It is all too easy to be negatively critical about such a work because it is by no means easy to get a handle on it in one reading but that of course is its strength. There is much that this work could be said to embrace not least the aforesaid debate regarding the death of painting, but in addition the artificial ways in which history is constructed as well as the deconstruction of human myths.

Mythologies (Vintage Classics)
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11 of 13 people found the following review helpful
5.0 out of 5 stars Great read for the intellectual photographer, 14 Jan 2011
This review is from: Camera Lucida: Reflections on Photography (Vintage Classics) (Paperback)
If you're into photography, and more than "guy with camera" status, this is a must read. Barthes comments and questions what it means to be a photographer and the outcomes; photographs. Very interesting. This is not a book on how to take a photograph, or even a concise history of the art form. So don't buy it if you want to improve your skill.
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6 of 7 people found the following review helpful
4.0 out of 5 stars Very French philosophy, 28 May 2011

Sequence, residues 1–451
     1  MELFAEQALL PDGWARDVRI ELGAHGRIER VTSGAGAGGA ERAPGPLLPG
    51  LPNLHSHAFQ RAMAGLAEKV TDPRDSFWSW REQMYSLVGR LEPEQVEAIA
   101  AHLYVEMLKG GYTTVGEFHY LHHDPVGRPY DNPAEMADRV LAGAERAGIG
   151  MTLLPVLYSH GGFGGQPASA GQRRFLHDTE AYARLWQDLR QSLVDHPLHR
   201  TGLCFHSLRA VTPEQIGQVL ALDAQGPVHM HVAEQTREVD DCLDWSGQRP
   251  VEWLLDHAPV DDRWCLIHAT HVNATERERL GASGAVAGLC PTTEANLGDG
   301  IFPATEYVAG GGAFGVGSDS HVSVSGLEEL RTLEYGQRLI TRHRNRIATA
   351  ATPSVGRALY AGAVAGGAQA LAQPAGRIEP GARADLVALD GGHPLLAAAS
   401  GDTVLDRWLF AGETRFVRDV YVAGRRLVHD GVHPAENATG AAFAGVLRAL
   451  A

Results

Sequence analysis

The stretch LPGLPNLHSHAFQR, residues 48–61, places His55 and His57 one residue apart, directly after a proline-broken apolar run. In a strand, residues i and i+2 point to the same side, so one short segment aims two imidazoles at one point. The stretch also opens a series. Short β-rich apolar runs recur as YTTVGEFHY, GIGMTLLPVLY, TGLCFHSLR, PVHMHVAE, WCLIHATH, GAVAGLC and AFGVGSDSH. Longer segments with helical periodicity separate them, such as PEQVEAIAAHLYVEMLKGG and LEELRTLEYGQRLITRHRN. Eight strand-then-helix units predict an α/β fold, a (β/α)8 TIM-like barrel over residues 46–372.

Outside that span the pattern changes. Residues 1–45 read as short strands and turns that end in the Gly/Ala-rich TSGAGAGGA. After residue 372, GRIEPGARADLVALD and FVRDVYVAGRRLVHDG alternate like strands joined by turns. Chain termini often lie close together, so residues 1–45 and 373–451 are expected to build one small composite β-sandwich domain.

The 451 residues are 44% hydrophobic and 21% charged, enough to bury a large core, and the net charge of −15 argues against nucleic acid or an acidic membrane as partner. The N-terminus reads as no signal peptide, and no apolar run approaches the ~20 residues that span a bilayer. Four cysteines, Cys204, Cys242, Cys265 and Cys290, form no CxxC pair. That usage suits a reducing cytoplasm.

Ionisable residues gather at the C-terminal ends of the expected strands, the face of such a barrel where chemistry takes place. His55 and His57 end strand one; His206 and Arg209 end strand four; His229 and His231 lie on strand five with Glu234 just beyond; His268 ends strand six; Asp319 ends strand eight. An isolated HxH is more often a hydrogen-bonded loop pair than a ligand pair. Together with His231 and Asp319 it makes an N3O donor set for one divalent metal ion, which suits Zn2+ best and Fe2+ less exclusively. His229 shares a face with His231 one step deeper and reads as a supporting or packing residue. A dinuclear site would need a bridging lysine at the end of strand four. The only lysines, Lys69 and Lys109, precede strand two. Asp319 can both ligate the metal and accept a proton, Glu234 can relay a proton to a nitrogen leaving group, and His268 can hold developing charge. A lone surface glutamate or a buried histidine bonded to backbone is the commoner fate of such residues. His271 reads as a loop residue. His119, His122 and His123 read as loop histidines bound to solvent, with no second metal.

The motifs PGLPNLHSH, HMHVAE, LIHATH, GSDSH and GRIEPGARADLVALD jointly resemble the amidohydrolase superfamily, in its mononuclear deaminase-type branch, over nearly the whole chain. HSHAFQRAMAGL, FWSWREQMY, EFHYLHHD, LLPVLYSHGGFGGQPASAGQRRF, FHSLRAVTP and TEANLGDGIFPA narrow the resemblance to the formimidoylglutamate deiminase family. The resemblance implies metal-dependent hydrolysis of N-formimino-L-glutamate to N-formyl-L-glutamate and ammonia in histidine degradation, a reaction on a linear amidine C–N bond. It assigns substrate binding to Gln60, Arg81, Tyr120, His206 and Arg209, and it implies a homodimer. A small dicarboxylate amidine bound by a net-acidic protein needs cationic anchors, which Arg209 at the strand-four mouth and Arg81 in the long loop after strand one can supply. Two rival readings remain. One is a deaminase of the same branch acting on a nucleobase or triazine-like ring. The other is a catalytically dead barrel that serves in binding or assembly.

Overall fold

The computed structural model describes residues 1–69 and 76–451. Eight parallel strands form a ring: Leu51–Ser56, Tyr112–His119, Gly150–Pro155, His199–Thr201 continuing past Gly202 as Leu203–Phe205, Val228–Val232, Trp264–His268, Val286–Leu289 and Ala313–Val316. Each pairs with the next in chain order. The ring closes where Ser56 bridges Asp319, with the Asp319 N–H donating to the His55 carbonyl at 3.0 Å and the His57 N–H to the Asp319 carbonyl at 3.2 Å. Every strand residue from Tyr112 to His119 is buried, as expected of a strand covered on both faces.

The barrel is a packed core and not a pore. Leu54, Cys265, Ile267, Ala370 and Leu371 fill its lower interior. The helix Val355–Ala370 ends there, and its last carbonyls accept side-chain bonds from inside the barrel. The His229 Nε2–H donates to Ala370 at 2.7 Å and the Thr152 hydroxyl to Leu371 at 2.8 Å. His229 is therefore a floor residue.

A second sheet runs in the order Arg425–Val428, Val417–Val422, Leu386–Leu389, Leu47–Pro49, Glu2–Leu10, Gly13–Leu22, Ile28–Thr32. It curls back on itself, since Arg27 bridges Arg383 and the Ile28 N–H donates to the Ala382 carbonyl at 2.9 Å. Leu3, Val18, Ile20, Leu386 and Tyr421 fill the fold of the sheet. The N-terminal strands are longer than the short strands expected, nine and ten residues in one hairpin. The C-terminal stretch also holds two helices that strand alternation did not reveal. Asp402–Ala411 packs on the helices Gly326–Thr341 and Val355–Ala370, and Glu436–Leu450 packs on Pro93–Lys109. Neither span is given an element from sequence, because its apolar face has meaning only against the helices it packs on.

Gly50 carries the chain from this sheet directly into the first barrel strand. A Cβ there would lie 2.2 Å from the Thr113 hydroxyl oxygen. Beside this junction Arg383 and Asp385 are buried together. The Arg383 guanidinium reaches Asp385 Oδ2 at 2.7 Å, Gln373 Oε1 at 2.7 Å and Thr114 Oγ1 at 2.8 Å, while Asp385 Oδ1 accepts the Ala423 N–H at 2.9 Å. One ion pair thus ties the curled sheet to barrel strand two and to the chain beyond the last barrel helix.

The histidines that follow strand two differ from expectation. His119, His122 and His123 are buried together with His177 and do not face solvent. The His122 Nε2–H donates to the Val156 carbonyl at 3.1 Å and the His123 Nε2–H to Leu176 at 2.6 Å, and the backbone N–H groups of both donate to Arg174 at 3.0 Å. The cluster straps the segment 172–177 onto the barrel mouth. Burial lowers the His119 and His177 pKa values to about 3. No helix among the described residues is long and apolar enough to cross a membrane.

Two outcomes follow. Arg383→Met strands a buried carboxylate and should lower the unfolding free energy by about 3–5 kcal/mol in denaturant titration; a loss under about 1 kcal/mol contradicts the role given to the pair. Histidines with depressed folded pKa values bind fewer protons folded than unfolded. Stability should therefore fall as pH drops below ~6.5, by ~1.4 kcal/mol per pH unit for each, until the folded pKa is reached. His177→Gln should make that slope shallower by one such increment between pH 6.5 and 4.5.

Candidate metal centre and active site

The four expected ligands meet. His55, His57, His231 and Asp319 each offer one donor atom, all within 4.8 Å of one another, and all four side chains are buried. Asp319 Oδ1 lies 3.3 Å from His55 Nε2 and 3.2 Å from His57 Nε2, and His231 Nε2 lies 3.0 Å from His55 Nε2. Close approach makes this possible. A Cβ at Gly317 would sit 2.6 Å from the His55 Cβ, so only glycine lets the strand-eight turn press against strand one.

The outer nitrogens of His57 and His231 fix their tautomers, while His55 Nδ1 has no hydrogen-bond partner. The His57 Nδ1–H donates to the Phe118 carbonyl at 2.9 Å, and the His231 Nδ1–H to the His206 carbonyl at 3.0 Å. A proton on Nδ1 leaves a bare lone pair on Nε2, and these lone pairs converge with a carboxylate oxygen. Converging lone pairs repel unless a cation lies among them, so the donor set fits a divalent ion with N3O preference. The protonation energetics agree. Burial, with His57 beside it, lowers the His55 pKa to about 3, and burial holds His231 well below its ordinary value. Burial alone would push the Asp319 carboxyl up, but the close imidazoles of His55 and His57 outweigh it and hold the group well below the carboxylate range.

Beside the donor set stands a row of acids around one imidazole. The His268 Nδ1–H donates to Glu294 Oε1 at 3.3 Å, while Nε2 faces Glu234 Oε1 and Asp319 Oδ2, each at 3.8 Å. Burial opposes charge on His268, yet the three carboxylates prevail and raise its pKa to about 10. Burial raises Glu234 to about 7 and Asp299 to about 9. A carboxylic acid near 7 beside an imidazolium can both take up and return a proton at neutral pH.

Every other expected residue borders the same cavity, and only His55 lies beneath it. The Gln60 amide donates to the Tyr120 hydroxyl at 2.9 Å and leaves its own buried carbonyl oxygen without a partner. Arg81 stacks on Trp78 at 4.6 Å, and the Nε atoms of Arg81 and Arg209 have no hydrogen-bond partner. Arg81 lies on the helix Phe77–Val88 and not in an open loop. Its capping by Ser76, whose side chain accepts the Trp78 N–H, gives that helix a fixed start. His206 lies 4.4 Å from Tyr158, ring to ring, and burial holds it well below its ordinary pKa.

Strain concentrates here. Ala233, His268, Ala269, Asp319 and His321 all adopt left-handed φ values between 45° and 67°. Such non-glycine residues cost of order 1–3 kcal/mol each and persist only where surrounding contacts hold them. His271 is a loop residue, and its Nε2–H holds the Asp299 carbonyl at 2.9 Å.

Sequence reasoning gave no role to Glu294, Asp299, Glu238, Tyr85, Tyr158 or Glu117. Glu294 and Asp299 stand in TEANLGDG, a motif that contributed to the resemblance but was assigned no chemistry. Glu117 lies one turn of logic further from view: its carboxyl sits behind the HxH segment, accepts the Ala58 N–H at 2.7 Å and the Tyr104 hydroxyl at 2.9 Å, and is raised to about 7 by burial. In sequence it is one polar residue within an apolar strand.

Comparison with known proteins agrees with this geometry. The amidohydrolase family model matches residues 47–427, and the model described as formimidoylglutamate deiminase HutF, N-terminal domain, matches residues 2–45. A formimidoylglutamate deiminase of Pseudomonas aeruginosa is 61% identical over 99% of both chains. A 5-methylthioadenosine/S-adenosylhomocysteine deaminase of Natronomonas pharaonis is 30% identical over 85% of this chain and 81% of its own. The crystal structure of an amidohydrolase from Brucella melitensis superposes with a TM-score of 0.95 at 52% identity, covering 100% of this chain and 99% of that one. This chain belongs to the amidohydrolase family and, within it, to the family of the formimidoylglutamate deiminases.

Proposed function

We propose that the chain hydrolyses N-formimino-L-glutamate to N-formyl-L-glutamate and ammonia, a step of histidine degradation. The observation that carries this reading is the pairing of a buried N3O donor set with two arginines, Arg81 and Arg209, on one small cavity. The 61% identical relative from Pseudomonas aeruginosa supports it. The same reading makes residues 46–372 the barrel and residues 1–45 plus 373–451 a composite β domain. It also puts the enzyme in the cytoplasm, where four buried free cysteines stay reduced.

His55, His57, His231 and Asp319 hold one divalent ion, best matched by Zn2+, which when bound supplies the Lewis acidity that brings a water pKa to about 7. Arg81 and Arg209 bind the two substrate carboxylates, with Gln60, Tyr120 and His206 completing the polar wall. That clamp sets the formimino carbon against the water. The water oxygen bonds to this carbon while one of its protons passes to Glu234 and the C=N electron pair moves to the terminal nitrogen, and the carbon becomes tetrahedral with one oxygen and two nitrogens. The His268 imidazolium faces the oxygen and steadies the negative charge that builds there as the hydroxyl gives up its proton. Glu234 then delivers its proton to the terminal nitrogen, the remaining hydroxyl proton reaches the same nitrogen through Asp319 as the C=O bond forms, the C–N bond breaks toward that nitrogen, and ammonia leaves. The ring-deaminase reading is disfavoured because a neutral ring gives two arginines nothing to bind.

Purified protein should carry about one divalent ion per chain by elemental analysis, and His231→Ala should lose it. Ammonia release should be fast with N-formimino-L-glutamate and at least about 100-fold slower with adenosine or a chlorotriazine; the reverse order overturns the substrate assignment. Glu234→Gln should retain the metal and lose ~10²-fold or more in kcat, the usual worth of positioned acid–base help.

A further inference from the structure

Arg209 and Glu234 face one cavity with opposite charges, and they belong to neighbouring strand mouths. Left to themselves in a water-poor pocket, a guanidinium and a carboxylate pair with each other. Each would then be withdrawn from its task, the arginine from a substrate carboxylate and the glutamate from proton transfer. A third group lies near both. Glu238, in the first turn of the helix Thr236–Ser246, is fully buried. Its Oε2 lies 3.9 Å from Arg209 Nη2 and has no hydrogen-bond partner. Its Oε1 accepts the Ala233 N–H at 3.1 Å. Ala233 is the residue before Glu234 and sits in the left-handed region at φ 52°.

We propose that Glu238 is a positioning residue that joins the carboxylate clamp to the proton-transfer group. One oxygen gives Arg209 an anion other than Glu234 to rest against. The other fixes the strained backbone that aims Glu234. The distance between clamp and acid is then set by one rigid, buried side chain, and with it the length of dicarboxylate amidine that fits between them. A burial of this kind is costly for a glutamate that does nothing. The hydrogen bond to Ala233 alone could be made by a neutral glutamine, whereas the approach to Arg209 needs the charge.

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D. Ayres - See all my reviews
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This review is from: Camera Lucida: Reflections on Photography (Vintage Classics) (Paperback)
On first reading this book I was drawn to recall the Fawlty Towers episode where the medallion man says "Pretentious, moi?" and I wondered how you would translate that into French. On reflection I think I was a little harsh, there is some deep thought in the book on what photography means. It is just the French way of expression can sound pretentious to English ears.

I will re-read it slowly, with a good dictionary by my side, and cut through the style to get at the basic ideas. I think Barthes does have valid points to make. Photography surrounds us and is taken too much for granted with little thought. For example a video (or music) is embedded in time and you have to follow the creators time frame. Photography on the other hand is outside time, you can look at a photograph in the way you choose for as long as you want, in the same way as a painting. On the other hand photography is an aspect of a moment of reality which existed in the past, unlike a painting which is an artists interpretation of something he saw, imagined or felt.